Posts tagged flowers

Bodega Bay, CA – 5/29/17

Drove through rolling landscape towards Bodega Bay. Doubleclick any photo to enlarge.

Spent the windswept afternoon, exploring the cliff-bottom beaches overlooking an assortment of sea stacks – those weird  pillarlike masses of erosion-resistant “rock detached by wave action from a cliff-lined shore and surrounded by water.”

Arch Rock

Goat Rock is huge – connected to the coast by land turned into a parking lot.  This whole Sonoma Coast area has lots of beaches, but not for swimming due to the dangerous rip currents.

Goat Rock

Never saw the seals nesting – too windy to walk all the way. There’s a great Kortum Trail on the cliff-top meadow above the beaches, but the wind was wild. And the views were spectacular:

Next stop, Bodega Head, where there were reportedly pods of whales. I swear wildlife hides when they hear us coming. But more ridiculously windy views:

Drove down around to Hole in the Head, a beautiful beach area where Pacific Gas & Electric began excavations in 1958 to build a nuclear power plant – next to the San Andreas fault. Public protest and opposition to this is considered the birth of the anti-nuclear movement. In ’64, the Atomic Energy Commission gave a negative review, and the project was abandoned – leaving a nice little pond and an apt nickname for this stupid plan:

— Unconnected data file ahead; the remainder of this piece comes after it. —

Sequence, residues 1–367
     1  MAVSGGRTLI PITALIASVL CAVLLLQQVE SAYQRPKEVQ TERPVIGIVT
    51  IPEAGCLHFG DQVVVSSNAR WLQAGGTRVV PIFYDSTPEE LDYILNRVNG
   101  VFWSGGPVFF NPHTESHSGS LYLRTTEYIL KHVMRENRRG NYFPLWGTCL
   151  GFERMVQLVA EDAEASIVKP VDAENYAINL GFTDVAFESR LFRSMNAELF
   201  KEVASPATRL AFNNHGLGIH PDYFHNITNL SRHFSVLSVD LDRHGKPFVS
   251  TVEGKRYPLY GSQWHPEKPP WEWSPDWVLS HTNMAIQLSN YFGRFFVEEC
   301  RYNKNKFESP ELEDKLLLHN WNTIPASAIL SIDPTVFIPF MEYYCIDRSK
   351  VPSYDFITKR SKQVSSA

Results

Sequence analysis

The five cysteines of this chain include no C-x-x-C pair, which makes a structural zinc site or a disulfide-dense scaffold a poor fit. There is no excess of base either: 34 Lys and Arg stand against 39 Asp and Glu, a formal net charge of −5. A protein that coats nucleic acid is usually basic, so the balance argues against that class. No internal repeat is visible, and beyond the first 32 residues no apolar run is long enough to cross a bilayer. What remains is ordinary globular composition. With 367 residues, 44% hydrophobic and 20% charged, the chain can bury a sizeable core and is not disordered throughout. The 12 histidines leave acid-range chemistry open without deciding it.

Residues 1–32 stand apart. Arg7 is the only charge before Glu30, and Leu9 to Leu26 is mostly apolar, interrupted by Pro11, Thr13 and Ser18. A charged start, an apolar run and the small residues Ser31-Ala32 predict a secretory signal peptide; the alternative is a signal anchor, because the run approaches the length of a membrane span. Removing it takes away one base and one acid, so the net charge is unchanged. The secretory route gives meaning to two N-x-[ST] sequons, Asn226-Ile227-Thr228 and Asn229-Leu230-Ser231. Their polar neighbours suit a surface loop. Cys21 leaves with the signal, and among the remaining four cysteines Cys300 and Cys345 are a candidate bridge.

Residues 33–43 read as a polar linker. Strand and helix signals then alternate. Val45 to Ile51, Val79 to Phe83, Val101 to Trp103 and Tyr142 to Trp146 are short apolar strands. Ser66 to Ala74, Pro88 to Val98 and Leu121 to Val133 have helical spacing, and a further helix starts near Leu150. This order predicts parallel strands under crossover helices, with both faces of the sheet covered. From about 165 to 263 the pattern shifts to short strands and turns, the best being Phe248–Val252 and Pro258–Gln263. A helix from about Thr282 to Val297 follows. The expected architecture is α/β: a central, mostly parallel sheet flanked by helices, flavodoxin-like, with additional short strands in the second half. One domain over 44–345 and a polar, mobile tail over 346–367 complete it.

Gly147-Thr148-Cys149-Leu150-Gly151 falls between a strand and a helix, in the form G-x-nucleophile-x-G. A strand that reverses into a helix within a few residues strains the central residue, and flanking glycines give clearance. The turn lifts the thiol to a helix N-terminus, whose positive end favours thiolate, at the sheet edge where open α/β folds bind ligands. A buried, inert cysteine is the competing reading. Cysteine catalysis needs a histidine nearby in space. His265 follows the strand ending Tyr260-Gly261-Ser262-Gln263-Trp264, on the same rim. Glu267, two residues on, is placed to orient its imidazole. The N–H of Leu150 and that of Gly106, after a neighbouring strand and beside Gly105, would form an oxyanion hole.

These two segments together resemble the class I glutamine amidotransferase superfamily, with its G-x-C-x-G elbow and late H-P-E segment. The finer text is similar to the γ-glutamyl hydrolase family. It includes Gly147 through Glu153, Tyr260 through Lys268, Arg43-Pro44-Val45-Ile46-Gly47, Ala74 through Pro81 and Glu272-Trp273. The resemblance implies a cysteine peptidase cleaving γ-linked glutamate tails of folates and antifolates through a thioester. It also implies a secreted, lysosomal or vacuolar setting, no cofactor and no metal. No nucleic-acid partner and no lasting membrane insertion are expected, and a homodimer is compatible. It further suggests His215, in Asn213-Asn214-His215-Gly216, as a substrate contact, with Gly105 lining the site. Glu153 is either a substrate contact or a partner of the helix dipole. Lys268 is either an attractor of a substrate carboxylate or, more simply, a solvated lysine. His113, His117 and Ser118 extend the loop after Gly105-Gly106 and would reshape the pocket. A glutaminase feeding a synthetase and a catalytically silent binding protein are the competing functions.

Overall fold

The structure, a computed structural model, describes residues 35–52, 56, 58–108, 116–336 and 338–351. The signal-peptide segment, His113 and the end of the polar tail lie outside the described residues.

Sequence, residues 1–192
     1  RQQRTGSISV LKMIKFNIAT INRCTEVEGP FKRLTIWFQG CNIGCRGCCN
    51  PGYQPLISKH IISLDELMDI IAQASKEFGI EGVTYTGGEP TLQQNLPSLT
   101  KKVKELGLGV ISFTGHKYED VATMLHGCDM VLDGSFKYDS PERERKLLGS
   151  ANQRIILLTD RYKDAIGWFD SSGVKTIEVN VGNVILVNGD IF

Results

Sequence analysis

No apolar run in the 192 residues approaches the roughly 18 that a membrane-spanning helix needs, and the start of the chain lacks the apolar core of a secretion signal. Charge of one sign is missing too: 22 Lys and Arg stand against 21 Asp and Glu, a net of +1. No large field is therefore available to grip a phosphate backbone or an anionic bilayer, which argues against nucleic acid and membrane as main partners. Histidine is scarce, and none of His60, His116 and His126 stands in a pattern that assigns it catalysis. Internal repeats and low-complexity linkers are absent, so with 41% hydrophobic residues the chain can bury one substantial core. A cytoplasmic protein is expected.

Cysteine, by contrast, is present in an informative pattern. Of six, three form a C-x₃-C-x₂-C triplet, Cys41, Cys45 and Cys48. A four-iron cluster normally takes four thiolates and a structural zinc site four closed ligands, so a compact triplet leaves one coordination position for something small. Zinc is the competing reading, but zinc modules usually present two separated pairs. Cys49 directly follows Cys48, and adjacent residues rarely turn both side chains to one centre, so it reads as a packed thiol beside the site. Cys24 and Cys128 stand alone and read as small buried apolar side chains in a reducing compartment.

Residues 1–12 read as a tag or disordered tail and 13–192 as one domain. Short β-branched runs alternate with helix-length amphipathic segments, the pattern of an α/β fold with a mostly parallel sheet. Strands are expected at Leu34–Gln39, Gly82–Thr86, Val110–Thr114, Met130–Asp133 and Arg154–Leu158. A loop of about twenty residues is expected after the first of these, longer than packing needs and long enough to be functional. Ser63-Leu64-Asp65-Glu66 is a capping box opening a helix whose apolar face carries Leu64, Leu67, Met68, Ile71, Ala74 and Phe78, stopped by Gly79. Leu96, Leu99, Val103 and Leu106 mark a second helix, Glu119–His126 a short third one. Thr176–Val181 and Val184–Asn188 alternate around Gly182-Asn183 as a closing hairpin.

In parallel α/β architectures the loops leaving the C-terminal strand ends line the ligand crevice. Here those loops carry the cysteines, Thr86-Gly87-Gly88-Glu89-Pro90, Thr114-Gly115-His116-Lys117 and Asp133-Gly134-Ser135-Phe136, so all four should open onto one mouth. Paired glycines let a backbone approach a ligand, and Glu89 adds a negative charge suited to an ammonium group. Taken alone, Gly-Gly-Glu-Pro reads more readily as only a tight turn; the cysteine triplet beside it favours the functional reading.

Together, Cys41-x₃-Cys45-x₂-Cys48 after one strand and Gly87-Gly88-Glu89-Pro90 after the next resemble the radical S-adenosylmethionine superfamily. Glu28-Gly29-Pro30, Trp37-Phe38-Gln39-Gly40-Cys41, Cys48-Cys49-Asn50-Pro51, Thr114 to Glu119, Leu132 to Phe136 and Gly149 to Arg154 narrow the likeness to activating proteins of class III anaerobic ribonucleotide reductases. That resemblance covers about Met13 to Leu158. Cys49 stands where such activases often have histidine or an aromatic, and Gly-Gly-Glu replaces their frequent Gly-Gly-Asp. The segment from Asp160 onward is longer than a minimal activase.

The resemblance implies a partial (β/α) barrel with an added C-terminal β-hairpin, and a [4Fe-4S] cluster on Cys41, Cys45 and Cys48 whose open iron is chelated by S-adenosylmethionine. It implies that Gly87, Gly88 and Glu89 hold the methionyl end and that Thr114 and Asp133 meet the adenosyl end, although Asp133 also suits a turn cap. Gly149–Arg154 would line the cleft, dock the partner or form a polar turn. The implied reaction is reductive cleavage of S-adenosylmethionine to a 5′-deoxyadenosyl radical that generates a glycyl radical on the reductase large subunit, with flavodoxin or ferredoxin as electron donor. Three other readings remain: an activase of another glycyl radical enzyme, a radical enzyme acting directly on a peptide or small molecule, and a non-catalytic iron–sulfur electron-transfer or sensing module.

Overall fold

Ended the night with dinner at Lucas Wharf, where we would have had a sunset view if it weren’t so overcast:

 

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Painted Ladies, Golden Gate Park, Cliff House + 5/29/17

Stopped to enjoy the sights on the way to Golden Gate Park. Look, a cable car! (never rode one – the wait to board was insane, and the bus prices were much better!)

Rode past Japan Town, and waited for a bus by a tree-stump chair (doubleclick any photo for full size):

Victorian homes along the way were impressive, especially the one with giant tree festooned in wind chimes:

Reached Alamo Square, a hilltop park that looks out on the famed Painted Ladies Victorians, built 1892-1896 – well known from the opening credits to Full House.

Another bus, and we reached Golden Gate Park, 20% larger than NYC’s Central Park, at over 1,000 acres – and 3 miles long! Hiked a short way through fuscias to the Conservatory of Flowers: